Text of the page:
Genetic Programming and Domain Knowledge in Hierarchical Multi-Classification

Created by W.Langdon from gp-bibliography.bib Revision:1.4208

  author =       "Richard Llewellyn Smith",
  title =        "Genetic Programming and Domain Knowledge in
                 Hierarchical Multi-Classification",
  school =       "University of Wales, Aberystwyth",
  year =         "2006",
  month =        mar,
  email =        "",
  keywords =     "genetic algorithms, genetic programming,
                 backpropagation, feedback, hierarchical, multiclass,
                 multilabel, classification",
  URL =          "",
  URL =          "",
  size =         "294 pages",
  abstract =     "This thesis describes an exploration of the
                 application of Genetic Programming to classification
                 problems in the domain of functional genomics. In the
                 course of the investigation a GP system was developed
                 which includes several novel features designed to
                 specifically target the features of the problem domain.
                 These features, which are described and investigated,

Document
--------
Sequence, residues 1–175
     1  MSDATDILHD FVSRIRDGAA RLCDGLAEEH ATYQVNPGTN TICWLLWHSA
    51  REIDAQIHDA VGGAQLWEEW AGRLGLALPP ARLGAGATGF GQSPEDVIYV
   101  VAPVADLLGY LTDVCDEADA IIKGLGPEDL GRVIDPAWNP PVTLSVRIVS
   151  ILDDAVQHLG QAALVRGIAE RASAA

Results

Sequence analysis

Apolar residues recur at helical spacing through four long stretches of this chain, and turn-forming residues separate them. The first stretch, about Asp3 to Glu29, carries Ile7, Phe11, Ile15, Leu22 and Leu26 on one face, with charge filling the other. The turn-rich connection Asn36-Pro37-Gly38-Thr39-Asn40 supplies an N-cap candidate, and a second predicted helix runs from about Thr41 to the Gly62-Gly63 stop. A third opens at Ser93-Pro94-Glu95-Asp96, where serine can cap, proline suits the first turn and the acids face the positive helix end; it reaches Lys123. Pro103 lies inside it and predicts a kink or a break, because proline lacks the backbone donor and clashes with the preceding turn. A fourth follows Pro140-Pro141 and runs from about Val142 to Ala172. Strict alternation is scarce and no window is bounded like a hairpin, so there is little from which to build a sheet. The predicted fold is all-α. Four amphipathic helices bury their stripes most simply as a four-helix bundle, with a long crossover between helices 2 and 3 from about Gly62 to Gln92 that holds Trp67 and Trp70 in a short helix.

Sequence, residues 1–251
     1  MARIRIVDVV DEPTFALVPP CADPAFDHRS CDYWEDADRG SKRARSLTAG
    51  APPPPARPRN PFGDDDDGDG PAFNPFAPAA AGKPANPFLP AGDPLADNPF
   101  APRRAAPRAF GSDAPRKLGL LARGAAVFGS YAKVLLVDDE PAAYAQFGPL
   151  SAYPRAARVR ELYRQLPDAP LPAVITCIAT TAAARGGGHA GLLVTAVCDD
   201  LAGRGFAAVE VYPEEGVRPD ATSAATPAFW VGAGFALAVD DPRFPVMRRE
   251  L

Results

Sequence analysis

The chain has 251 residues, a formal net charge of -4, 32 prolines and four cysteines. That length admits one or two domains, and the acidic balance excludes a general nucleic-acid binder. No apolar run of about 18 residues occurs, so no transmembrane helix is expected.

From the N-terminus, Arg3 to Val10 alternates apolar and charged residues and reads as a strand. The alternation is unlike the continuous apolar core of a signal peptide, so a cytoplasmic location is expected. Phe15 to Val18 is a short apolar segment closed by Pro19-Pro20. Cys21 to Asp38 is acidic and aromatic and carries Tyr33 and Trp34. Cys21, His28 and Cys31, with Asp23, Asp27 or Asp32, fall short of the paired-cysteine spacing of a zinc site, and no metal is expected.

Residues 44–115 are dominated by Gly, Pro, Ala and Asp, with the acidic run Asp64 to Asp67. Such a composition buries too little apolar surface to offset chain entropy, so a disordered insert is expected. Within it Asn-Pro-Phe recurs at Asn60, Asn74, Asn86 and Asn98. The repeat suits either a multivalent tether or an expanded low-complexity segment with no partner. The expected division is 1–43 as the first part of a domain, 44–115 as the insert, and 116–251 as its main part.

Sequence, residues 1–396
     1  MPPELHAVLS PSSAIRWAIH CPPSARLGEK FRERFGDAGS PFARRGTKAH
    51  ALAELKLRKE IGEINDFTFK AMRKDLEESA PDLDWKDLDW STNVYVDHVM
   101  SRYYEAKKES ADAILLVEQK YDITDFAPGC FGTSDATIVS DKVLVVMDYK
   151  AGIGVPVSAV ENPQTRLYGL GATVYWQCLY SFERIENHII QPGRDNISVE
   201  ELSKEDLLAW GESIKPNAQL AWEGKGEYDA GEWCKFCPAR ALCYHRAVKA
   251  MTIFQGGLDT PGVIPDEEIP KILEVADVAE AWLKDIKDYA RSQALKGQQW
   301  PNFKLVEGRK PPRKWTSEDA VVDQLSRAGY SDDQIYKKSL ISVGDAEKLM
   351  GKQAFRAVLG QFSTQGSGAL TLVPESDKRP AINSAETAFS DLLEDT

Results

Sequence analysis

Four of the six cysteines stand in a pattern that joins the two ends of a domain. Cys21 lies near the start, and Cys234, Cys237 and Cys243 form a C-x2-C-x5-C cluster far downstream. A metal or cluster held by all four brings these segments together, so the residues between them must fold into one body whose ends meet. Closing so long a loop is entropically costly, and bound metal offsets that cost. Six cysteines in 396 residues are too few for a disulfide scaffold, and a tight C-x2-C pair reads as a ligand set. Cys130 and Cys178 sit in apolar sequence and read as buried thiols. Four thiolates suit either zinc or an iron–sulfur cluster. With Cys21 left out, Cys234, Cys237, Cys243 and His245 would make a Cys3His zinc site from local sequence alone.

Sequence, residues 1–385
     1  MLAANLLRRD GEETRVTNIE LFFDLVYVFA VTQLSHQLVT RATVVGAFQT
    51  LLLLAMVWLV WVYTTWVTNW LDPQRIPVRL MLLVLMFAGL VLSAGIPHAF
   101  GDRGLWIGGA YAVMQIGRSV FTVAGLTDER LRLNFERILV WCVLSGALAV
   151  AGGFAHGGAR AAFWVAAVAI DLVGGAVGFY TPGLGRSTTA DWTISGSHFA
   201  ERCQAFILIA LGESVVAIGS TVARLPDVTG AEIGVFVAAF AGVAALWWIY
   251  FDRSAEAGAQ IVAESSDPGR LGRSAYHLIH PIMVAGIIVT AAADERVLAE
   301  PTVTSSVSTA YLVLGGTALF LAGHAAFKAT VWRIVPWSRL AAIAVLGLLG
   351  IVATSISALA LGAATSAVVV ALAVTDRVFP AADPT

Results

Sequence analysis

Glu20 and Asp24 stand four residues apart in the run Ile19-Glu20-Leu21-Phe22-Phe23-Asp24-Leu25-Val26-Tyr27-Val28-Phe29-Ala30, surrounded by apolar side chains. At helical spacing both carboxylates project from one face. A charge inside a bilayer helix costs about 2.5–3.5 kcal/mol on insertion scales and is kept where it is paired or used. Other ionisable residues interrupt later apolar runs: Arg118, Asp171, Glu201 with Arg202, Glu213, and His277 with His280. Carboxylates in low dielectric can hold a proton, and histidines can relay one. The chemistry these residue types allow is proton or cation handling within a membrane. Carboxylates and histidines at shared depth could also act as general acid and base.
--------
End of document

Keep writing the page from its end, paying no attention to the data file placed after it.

include: a graph-based program representation scheme; a
                 packaging system allowing for the construction of
                 programs in an arbitrary number of layers, designed to
                 facilitate multiple outputs; a gene pool communal to
                 the GP population, which, in conjunction with the
                 layering feature, increases the amount of of effective
                 code present in the population; a generic ``genetic
                 engineering'' process for imposing constraints on the
                 programs of the system; and a backpropagation-inspired
                 feedback mechanism which increases the speed at which
                 the system learns.

                 These features were then tested on data sets exhibiting
                 the properties of genomic data sets -- in particular,
                 multiple non-disjoint classes, and hierarchical
                 classification schemes. These features are then
                 developed, along with fitness measures and the
                 evolutionary process to best model data sets of this
                 type. An exploratory attempt to produce classifications
                 in conjunction with a graph-based classification scheme
                 is also performed.

                 The developed system is then applied to classifying
                 hard genomic data sets, and the thesis ultimately makes
                 some predictions concerning previously unclassified

Genetic Programming entries for Rich Smith